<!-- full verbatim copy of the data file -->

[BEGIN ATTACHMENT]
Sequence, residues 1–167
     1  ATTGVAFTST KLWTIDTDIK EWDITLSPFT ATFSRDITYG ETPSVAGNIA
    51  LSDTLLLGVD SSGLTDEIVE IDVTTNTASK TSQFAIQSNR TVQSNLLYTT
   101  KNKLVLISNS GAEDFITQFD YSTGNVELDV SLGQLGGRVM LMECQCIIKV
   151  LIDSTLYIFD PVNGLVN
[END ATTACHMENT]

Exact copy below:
Sequence, residues 1–167
     1  ATTGVAFTST KLWTIDTDIK EWDITLSPFT ATFSRDITYG ETPSVAGNIA
    51  LSDTLLLGVD SSGLTDEIVE IDVTTNTASK TSQFAIQSNR TVQSNLLYTT
   101  KNKLVLISNS GAEDFITQFD YSTGNVELDV SLGQLGGRVM LMECQCIIKV
   151  LIDSTLYIFD PVNGLVN